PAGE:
On​Board Magazine

By Mark Groulx – AIM Group Canada Ltd.

Recent surveys suggest that 50% of the privately owned businesses in Canada (those not listed on a stock exchange) will be sold in the next 10 years and two thirds of those will be sold in the next 5 years.

This is driven in large part by the retiring baby boomers.  Therefore if you are thinking of selling your business, it would seem prudent that you sell sooner rather than later with this many companies coming to market.

My firm, AIM Group Canada Ltd., has specialized in the sale of private businesses since 1990.  We have sold a wide range of manufacturing and service companies. They have ranged from software companies to industrial manufacturing companies.  We usually work with companies that have anywhere from $1 million to $10 million of EBITDA (to be defined shortly).

Selling a business is a complicated, time consuming and usually quite stressful event.  This will probably be the largest financial transaction in your life and I would strongly encourage you to hire an advisor to assist you with the process.  At each step of the process you will require advice and assistance that can only come from years of experience in the financial transaction markets.  Your agent will both manage this time consuming process while you continue to run your business and will provide a buffer in the negotiations.

So what are the steps in the process?

Step 1 – Preparation

First and foremost you need to get the company and its records in order.  This could take anywhere from 2 to 6 months. Your tax planning should already be in place and you should check with your accountant that the sale of your business has been considered as part of your tax strategy.  During this phase of the process your advisor will collect information on the operations of the business, the industry you operate in and your historical and projected financial information and prepare a Confidential Information Memorandum describing the main aspects of your business.

Step 2 – Valuation

The value of any company at a point in time is the net present value of its future earnings potential.  Another way of expressing this sentiment is achieved by putting a multiple on your EBITDA – Earnings before Interest, Taxes, Depreciation and Amortization.  EBITDA is simply calculated by adding your interest expense, depreciation and amortization to your pre-tax earnings found on your income statement.

For purposes of determining a Valuation of the business, the EBITDA will be reduced by any capital or other annual expenditures that are required to sustain the business.  The multiple used to determine the price will be a function of the sustainability of earnings and their potential for growth.  On average these multiples range from 3 to 6 times but vary by industry and by company. Therefore, if you generated $2 million in EBITDA last year and you have good prospects for continued profitability a rough mid-range estimate would be an $8 to 10 million purchase price.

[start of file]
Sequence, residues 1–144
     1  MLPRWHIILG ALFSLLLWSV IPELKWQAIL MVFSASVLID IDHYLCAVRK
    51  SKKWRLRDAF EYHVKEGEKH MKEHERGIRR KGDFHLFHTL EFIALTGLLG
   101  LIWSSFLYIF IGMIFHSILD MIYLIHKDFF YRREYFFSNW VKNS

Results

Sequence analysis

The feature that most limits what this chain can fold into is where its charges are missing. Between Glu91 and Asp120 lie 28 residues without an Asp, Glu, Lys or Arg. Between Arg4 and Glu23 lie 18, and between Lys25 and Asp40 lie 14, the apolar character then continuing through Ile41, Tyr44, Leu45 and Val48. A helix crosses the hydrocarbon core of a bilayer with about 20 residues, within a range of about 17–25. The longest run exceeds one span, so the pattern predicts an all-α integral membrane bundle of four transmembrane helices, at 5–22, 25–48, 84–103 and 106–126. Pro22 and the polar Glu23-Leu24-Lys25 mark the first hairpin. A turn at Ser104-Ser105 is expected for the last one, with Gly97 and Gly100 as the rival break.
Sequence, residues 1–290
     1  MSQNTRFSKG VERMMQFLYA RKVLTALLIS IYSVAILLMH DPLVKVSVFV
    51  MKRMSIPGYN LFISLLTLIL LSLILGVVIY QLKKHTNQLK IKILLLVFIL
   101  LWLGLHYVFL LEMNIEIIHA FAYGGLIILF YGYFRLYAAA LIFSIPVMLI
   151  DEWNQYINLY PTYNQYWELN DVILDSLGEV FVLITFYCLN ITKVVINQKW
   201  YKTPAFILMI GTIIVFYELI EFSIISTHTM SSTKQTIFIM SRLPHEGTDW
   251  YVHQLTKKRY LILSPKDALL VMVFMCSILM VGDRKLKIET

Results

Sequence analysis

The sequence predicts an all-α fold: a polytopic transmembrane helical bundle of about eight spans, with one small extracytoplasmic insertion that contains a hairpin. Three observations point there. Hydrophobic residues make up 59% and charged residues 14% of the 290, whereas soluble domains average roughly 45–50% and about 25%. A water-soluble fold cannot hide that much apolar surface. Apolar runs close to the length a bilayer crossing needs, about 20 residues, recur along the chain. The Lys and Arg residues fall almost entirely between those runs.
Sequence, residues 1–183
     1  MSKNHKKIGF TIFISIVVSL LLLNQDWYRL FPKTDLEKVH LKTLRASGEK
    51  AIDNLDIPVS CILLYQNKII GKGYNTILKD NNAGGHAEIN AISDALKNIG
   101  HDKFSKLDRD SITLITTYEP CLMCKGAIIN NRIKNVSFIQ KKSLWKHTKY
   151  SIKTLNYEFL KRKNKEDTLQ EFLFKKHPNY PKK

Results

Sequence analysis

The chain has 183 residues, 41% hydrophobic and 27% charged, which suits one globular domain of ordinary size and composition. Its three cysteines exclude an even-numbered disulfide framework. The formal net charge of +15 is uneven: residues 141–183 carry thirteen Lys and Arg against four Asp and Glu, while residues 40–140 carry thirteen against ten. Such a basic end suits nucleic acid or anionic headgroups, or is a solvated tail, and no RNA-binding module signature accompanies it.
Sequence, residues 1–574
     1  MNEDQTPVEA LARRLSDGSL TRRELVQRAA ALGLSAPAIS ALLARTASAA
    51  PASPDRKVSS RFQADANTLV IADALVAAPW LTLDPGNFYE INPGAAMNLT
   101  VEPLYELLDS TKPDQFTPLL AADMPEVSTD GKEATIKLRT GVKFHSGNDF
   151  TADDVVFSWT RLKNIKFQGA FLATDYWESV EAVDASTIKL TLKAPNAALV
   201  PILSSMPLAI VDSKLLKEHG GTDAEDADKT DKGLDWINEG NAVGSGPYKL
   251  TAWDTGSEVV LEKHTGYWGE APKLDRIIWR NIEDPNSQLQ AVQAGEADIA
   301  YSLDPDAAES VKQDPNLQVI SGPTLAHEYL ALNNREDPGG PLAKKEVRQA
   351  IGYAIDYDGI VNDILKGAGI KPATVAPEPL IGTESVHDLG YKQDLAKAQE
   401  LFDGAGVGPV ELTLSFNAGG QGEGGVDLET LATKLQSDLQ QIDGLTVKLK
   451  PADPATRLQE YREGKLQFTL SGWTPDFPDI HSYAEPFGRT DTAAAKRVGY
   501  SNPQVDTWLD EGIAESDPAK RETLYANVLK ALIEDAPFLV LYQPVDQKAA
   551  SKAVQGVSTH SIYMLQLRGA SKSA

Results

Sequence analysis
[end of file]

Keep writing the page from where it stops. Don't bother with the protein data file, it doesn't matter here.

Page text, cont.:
Step 3 – Identifying Prospective Buyers

Both strategic buyers in your industry and financial buyers such as Private Equity firms are the best prospects. Your advisor will prepare a list with your assistance to determine the best prospects.

Step 4 – Contacting Prospective Buyers and getting Confidentiality Agreements Signed – (your agent’s role).

Step 5 – Delivery of the Confidential Information Memoranda (your agent’s role)

Step 6 – Responding to Buyers’ Questions (you and your agent collaboratively)

Step 7a – Receipt of Letters of Intent

These non-binding letters outline the price and structure of the proposed transaction as well as the broad terms and conditions the prospective buyers are proposing.  It forms the basis for negotiations that will lead to the final deal.

Step 7b – Negotiation of final Letter of Intent (an important intermediary role of your agent).

Step 8 – Buyer’s Due Diligence

This involves the buyer reviewing all legal, accounting, tax, banking, human resources, health and safety, information systems, real estate and other material contracts.  They will also make investigations into products, customers, outstanding litigation, environmental issues and so forth.  This is a time consuming process and requires a great deal of preparation (let alone photocopying / scanning a large number of documents).

Step 9 – Legal Documentation (the lawyers paper the deal with the agent’s contributions).

Step 10 – The Closing (money is transferred as does the ownership of the business).

This is a very brief overview of the many activities involved in selling a business but gives you an indication of the extensive work involved.  For further information please contact us.